Manning Wellness Clinic’s Top 5 Tips for Avoiding Weekend Gardener Syndrome

Spring has sprung! Warmer weather brings visions of homeowners manning the bbq, napping in their hammocks, and enjoying their backyard paradise, the one that has collected piles of leaves, sprouting weeds, dead branches and debris over the winter months. With fervent vigor, the weekend garden warriors head outside and attack their yards. Frequently, injuries result as muscles long-dormant during the winter months experience much more activity in a brief period of time than usual.  Since the height of muscle pain typically sets in about 36 hours after strenuous activity, our office phone starts ringing first thing Monday morning. As we all know, it’s hard to sit immobile at a desk all day when your lower back (or neck, shoulders, knees, etc.) are screaming in pain. Your backyard may look amazing, but your back may pay the price.

Here are the Top 5 Tips for Avoiding Weekend Gardener Syndrome from Dr. Jeff Manning of Manning Wellness Clinic in Dallas: 

1.    Bend your knees: Weeding, one of the most labor-intensive outdoor jobs, is responsible for more low-back injuries than almost any other springtime activity. Repeatedly pulling at stubborn weeds fatigues the lumbar muscles and can strain ligaments and discs. With your back in an already compromised, bent-forward position, and your legs likely straight, one good yank at a tough weed may be enough to bulge a disc or misalign your pelvic bones. A half-kneeling position, or better yet, a narrow blade shovel, is a much safer/easier way to deal with weeds.

2.    Avoid Heavy Lifting: Moving lawn and patio furniture, hauling bags of mulch or seed, planting new shrubs…often requires heavy lifting. Whenever possible, grab an extra set of hands to help with awkward or heavy items. Or pull out the trusty wheelbarrow or hand trolley. If you must lift, don’t forget to bend your knees, and keep the load as close as possible to your core, to take some pressure off of your lower back.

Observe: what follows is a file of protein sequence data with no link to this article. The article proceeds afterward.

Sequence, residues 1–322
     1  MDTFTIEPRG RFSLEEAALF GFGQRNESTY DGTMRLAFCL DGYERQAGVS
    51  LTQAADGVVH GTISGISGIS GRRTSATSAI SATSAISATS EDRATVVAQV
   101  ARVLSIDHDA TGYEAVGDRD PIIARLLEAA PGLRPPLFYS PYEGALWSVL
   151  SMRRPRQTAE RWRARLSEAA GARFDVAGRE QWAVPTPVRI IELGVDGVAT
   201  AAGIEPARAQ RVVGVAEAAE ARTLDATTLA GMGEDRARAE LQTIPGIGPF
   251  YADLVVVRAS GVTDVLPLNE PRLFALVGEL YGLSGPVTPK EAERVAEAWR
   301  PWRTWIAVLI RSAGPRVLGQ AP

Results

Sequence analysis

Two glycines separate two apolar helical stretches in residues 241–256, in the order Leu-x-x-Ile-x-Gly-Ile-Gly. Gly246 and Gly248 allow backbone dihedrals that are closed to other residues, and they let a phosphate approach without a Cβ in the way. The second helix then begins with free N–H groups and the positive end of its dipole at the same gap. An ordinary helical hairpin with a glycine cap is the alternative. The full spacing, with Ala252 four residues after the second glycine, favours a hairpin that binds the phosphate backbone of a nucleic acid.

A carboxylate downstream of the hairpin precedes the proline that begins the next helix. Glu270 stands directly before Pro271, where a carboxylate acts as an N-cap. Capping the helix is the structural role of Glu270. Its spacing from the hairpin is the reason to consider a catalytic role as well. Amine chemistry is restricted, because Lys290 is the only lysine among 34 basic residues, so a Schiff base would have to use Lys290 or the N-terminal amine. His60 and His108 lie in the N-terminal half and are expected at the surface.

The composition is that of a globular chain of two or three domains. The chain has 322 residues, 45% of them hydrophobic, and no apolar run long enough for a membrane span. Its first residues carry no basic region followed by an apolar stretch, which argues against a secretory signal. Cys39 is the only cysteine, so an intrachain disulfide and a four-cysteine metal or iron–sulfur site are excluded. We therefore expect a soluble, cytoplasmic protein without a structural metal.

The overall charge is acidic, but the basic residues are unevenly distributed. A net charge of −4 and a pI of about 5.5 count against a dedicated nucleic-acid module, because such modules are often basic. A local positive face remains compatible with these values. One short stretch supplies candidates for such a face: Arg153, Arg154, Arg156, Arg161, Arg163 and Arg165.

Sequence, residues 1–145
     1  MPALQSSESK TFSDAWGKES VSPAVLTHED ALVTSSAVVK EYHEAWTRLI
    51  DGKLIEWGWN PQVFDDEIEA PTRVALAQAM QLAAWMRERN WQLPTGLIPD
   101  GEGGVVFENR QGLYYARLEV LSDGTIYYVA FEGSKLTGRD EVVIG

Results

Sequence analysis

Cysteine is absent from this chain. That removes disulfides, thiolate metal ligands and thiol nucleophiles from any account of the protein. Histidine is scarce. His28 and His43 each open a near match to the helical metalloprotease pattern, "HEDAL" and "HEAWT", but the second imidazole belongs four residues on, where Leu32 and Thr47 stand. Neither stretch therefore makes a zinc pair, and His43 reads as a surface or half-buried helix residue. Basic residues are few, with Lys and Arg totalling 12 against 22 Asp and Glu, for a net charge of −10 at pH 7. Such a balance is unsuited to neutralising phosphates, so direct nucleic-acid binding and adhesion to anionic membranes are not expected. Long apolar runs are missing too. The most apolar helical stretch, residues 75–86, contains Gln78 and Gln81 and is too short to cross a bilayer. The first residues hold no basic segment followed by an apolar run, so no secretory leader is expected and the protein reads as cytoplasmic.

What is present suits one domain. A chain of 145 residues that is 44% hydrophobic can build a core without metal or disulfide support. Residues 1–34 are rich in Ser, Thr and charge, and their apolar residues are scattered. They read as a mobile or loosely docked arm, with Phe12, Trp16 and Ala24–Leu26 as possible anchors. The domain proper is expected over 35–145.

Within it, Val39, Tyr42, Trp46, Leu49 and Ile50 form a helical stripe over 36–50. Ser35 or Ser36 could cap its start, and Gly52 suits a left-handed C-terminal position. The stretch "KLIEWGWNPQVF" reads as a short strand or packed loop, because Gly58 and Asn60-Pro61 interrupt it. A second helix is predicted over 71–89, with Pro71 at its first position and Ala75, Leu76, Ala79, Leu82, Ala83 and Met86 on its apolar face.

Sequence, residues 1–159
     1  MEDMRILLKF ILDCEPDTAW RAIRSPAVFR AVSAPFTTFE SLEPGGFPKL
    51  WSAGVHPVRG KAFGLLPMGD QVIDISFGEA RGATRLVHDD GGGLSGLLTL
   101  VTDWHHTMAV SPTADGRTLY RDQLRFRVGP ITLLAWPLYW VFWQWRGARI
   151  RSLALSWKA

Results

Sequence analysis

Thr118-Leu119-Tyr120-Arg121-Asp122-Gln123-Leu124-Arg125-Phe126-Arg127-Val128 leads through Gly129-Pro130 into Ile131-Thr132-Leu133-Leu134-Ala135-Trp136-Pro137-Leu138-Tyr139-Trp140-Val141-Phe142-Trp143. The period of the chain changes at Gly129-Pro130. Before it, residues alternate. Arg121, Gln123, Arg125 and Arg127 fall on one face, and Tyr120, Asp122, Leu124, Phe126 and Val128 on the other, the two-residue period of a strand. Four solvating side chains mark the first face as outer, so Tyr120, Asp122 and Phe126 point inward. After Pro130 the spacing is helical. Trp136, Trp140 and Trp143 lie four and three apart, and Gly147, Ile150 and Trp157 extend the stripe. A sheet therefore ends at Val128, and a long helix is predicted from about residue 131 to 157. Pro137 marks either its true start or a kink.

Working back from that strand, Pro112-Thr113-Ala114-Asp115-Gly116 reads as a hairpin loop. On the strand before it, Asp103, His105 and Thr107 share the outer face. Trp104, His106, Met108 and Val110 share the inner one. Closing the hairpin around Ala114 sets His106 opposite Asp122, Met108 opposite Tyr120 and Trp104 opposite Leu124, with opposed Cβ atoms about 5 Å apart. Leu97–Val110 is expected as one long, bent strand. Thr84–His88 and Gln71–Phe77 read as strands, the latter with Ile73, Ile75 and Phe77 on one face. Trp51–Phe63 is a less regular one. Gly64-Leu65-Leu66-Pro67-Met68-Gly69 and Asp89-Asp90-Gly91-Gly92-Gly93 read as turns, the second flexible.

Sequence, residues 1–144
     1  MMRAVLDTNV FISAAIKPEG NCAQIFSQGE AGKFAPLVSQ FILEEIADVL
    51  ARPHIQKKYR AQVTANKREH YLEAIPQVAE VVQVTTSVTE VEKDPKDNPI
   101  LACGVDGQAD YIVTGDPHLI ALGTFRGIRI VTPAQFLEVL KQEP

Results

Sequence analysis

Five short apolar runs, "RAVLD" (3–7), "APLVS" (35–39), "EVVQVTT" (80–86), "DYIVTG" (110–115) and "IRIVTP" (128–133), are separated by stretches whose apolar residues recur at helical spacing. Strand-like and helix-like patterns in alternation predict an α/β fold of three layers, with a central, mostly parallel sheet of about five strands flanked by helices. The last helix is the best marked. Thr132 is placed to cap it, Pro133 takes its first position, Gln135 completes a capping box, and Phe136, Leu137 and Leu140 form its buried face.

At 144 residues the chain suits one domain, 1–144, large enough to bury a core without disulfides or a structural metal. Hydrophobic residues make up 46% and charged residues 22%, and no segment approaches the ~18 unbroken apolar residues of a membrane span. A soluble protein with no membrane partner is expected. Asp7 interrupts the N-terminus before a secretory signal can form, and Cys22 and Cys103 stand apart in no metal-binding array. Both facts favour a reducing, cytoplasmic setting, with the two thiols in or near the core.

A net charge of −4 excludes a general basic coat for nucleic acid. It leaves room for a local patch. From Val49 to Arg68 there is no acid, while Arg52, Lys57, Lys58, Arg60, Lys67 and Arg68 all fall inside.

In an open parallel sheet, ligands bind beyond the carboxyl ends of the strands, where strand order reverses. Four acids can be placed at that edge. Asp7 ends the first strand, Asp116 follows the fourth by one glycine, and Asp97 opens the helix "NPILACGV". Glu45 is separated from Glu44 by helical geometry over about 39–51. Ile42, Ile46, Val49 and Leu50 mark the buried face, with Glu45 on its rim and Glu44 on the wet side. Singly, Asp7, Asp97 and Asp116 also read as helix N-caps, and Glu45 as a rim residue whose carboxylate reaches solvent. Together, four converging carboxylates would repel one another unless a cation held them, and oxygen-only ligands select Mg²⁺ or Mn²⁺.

3.   Pace yourself: Your yard does not need to be completed in a day! Breaking up the planting into small increments minimizes your risk of injury and maximizes your chance of a gorgeous garden. Hours of planting increases your risk of strained muscles, ligaments or other tissues. When a muscle becomes fatigued, its ability to stabilize a joint or create enough force to accomplish a routine task diminishes considerably. Raking is a perfect example since it requires you use large, postural muscles in your back. Tip: Take it slow and steady, and make sure to switch sides frequently so that you try to work your body evenly on both sides. Many injuries result from overly tired muscles. Listen to your body; if it’s telling you that it’s getting tired and something is starting to hurt, stop! Your body is communicating that it needs a break and if you don’t listen, it will just yell louder. By changing activities every 30 minutes, repetitive strain risk is decreased.

4.   Don’t trim what you can’t reach: Pruning hedges with heavy sheers is an easy way to acquire rotator cuff tendonitis. It also puts your back at risk for injury. Over extending your arm with a heavy object in your hand is a quick recipe for a tendon injury. When trimming back bushes, keep the sheers close to your body and try to keep your shoulders at or below ninety degrees of elevation. This position protects the delicate rotator cuff from tearing and also protects your back.

5.   Use the right tools for the job: Just like buying the right gear for an exercise program, buying the right tools for yard work can be just as important. Some better rakes and shovels are ergonomically designed so they better fit your body. Make sure your hand fits comfortably on the handle to avoid blisters and wrist strain.  Also look for rakes and shovels which you can comfortably manage rather. Lastly, use the right tool for the job: Don’t try to use a snow shovel to dig a hole for a shrub.

 

 

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